Mahonia aquifolium

25 Mar

Mahonia aquifolium (19/03/2011, Walworth, London)

Mahonia aquifolium (19/03/2011, Walworth, London)

Position: Full sun to partial shade

Soil: Moist, well drained

Flowering period: Spring

Eventual Height: 1m

Eventual Spread: 1.5m

Hardiness: 5a, 5b, 6a, 6b, 7a, 7b, 8a, 8b, 9a, 9b

Family: Berberidaceae

Mahonia aquifolium flower (19/03/2011, Walworth, London)

Mahonia aquifolium flower (19/03/2011, Walworth, London)

Mahonia aquifolium is an evergreen, suckering shrub with an open habit. It has pinnate bright green leaves with nine spiny leaflets, which will often tinge purple in winter and does not create excessive leaf litter. Yellow flowers are borne in densely clustered racemes in early spring and these are followed by spherical blue-black fruit.

Mahonia aquifolium Leaf (03/07/2015, Walworth, London)

Mahonia aquifolium Leaf (03/07/2015, Walworth, London)

Mahonia aquifolium, commonly known as Oregon-grape, is native to the west coast of North America. It has edible but not particularly sweet fruit, it can be used to make wine and is a part of the diet of certain native American Indians. Herbalists have known it historically, using it as a diuretic, a laxative, an anti-inflammatory and an antibacterial agent.

The etymological root of the binomial name Mahonia is derived from the sir name of  Bernard McMahon of North America a 19th century horticulturalist. Aquifolium is derived from the Latin and makes reference to its holy like leaves.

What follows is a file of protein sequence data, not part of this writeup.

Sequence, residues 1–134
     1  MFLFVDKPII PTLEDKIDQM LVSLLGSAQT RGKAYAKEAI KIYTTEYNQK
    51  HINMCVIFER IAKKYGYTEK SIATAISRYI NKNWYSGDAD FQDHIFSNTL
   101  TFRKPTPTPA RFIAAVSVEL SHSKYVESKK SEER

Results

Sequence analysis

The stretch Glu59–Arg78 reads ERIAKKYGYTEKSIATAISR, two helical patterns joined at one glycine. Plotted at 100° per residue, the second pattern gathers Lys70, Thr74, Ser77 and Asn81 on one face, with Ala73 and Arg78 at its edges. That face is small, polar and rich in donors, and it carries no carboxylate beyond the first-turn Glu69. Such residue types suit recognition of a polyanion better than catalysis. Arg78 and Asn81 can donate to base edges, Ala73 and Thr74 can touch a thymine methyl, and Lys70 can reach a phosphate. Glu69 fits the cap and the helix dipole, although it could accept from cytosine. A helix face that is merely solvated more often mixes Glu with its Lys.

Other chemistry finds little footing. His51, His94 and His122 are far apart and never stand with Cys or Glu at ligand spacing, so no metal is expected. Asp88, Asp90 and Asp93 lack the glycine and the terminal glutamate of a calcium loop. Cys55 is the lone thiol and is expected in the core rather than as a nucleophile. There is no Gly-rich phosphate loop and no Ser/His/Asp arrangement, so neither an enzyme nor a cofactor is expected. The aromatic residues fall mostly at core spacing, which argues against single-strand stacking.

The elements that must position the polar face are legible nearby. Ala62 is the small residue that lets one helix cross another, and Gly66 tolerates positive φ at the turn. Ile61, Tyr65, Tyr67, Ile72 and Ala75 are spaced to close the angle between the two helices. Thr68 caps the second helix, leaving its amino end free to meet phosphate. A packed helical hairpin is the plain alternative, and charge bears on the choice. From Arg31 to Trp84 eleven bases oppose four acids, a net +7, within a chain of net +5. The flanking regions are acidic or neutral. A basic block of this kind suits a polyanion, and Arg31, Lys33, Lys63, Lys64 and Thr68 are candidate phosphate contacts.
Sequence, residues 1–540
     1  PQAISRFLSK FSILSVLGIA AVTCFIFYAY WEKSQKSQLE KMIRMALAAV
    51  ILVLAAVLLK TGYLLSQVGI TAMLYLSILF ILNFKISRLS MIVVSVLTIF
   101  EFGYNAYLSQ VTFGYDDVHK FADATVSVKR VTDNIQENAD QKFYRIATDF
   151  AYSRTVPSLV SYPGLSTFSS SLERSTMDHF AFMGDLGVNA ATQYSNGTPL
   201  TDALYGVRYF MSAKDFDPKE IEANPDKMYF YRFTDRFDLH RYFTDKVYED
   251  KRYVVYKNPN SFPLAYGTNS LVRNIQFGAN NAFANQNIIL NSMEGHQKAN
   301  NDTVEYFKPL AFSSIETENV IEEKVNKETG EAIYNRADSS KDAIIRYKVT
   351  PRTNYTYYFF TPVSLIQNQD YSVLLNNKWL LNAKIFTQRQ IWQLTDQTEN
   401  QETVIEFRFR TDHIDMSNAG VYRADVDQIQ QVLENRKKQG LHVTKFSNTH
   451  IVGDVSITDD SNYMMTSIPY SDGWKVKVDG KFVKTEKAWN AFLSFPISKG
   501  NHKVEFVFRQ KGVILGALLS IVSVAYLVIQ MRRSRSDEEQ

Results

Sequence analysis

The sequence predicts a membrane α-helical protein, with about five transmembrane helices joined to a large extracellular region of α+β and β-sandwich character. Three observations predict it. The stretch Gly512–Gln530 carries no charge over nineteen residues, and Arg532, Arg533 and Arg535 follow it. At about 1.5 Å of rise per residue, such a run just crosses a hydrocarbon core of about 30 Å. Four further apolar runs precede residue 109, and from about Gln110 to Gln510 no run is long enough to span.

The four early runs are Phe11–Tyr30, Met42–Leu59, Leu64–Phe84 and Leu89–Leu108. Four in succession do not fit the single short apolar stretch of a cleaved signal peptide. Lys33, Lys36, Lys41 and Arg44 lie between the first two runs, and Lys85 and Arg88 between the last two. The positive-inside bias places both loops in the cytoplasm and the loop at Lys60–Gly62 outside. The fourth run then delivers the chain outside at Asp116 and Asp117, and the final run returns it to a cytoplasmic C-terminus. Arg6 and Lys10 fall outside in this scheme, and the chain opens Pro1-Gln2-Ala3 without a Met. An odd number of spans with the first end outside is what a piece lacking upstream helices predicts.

Mahonia aquifolium Berry (28/07/2012, Kew Gardens, London)

Mahonia aquifolium Berry (28/07/2012, Kew Gardens, London)

Mahonia aquifolium may be useful to the landscape architect as an extremely low maintenance plant particularly in shady locations. It can be planted as an informal hedge.

Ecologically, Mahonia aquifolium caters for a wide range of wildlife including insects and birds.

The Royal Horticultural Society has given Mahonia aquifolium their prestigious Award of Garden Merit in 1993.

Mahonia aquifolium prefers moist, humus rich, well-drained soils. It tolerates most pH of soil. It will tolerate poor soils.

Mahonia aquifolium this plant requires little to no care. Pruning of unwanted growth or hedge maintenance should be carried out in April.

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